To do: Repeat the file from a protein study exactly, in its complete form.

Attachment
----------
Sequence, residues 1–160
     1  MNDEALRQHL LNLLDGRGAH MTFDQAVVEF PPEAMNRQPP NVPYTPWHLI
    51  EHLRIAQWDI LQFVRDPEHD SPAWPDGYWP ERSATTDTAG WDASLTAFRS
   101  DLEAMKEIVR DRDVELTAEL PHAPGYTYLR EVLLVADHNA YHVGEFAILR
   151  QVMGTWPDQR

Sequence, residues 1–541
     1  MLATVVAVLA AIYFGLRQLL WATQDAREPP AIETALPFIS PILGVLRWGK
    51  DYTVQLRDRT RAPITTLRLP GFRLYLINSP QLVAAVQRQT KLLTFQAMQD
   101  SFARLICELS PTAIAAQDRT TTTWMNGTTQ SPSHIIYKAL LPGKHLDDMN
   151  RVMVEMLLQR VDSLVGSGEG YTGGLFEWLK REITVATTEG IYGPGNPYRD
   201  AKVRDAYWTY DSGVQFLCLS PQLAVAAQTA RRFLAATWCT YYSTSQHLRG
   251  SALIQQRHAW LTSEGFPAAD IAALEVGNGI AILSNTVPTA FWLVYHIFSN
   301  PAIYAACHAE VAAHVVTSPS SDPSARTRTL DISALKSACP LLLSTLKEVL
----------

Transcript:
Sequence, residues 1–160
     1  MNDEALRQHL LNLLDGRGAH MTFDQAVVEF PPEAMNRQPP NVPYTPWHLI
    51  EHLRIAQWDI LQFVRDPEHD SPAWPDGYWP ERSATTDTAG WDASLTAFRS
   101  DLEAMKEIVR DRDVELTAEL PHAPGYTYLR EVLLVADHNA YHVGEFAILR
   151  QVMGTWPDQR

Sequence, residues 1–541
     1  MLATVVAVLA AIYFGLRQLL WATQDAREPP AIETALPFIS PILGVLRWGK
    51  DYTVQLRDRT RAPITTLRLP GFRLYLINSP QLVAAVQRQT KLLTFQAMQD
   101  SFARLICELS PTAIAAQDRT TTTWMNGTTQ SPSHIIYKAL LPGKHLDDMN
   151  RVMVEMLLQR VDSLVGSGEG YTGGLFEWLK REITVATTEG IYGPGNPYRD
   201  AKVRDAYWTY DSGVQFLCLS PQLAVAAQTA RRFLAATWCT YYSTSQHLRG
   251  SALIQQRHAW LTSEGFPAAD IAALEVGNGI AILSNTVPTA FWLVYHIFSN
   301  PAIYAACHAE VAAHVVTSPS SDPSARTRTL DISALKSACP LLLSTLKEVL